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Cape Central High Photos

Ken Steinhoff, Cape Girardeau Central High School Class of 1965, was a photographer for The Tiger and The Girardot, and was on the staff of The Capaha Arrow and The Sagamore at Southeast Missouri State University. He worked as a photographer / reporter (among other things) at The Jackson Pioneer and The Southeast Missourian.

Come here to see photos and read stories (mostly true) about coming of age in Southeast Missouri in the 1960s.

Please comment on the articles when you see I have left out a bit of history, forgotten a name or when your memory of a circumstance conflicts with mine. (My mother says her stories have improved now that more and more of the folks who could contradict her have died off.) Your information helps to make this a wonderful archive and may end up in book form.

Stars and Stripes Library / Museum

This spring I took Mother down to Advance for a Past Matrons meeting. After it was over, one of her friends insisted that we drive down to Bloomfield to see the new Missouri Veterans Cemetery and the Stoddard County Confederate Memorial, which I’ve already written about. She also said we should see the Stars and Stripes Museum / Library.

To be honest, I wasn’t all that crazy about going to the museum. It’s pretty nondescript looking from the outside. I figured I’d walk in, shoot a few pictures to be polite, then be back in the car in 15 minutes. I was hooked. We spent about an hour and a half in the place and didn’t begin to scratch the surface.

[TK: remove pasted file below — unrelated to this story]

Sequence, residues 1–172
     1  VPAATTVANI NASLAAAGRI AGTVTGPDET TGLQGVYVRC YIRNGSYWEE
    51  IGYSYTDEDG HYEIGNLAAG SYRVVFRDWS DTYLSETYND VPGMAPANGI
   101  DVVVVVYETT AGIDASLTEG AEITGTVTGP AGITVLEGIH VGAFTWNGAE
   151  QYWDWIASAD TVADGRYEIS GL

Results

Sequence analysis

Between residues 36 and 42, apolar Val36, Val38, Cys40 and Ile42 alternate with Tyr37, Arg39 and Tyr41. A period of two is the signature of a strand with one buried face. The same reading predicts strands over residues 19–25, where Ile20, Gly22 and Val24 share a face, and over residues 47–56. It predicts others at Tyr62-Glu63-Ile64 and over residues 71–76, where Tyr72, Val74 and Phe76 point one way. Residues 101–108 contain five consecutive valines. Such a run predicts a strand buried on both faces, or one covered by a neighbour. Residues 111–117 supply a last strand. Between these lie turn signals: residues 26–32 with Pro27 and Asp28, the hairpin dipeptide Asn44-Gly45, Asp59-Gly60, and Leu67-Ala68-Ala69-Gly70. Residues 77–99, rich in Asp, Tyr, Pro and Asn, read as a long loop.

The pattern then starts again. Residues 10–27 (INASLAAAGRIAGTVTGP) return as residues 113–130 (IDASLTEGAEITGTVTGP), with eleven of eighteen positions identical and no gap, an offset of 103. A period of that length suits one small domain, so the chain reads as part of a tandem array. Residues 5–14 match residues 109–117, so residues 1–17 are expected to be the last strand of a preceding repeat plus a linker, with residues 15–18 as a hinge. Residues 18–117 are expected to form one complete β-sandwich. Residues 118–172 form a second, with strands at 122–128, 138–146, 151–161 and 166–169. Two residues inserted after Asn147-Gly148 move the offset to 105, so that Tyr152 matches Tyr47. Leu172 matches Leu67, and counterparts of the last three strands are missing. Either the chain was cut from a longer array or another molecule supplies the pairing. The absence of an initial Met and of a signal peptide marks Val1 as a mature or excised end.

First off, I was vaguely familiar with Stars and Stripes, the military newspaper. I knew that cartoonist Bill Maudlin and bush-eyebrowed Andy Rooney worked for it. I knew that General Patton tried to get it banned and Ike overruled him.

First edition printed in Bloomfield

What I DIDN’T know was that the newspaper started right here in Bloomfield, Mo., when soldiers from the Illinois 8th, 11th, 18th and 29th regiments found the Bloomfield newspaper office empty and decided to publish a newspaper, The Stars and Stripes. It was the first and only newspaper published there, but it started a tradition that continued through both World Wars, Korea, Vietnam and our excursions into the Gulf today.

The Stars and Stripes Association, made up of former and present staffers, has a 30-minute video on its website detailing the life of the publication. I was glued to it.

Andy Rooney video

There’s a video at the museum of the late Andy Rooney telling about his stint with the newspaper and how Patton tried to shut it down.

You can touch the newspapers

The thing that struck me more than the exhibits, which are really well done, was that copies of the newspaper were spread out on tables where you could touch them, read them and discover stories that brought history alive. A story on the front page of the Sept. 27, 1945, edition said, “Gen George S. Patton Jr. described his comparison of Nazi power politics with Republican-Democratic party battles at a press conference last week as ‘an unfortunate analogy.'”

The more things change, the more they remain the same.

Helpful Librarian Sue Mayo

Librarian Sue Mayo made us feel welcome and pointed out things we would have missed. The site is billed as a “Museum / Library.” I have the feeling you could do some serious research here. I would have written about the museum earlier, but the Stars and Stripes website has been down and I wanted to be able to link to it.

The museum and the Missouri Veterans Cemetery are side-by-side, so the same directions apply: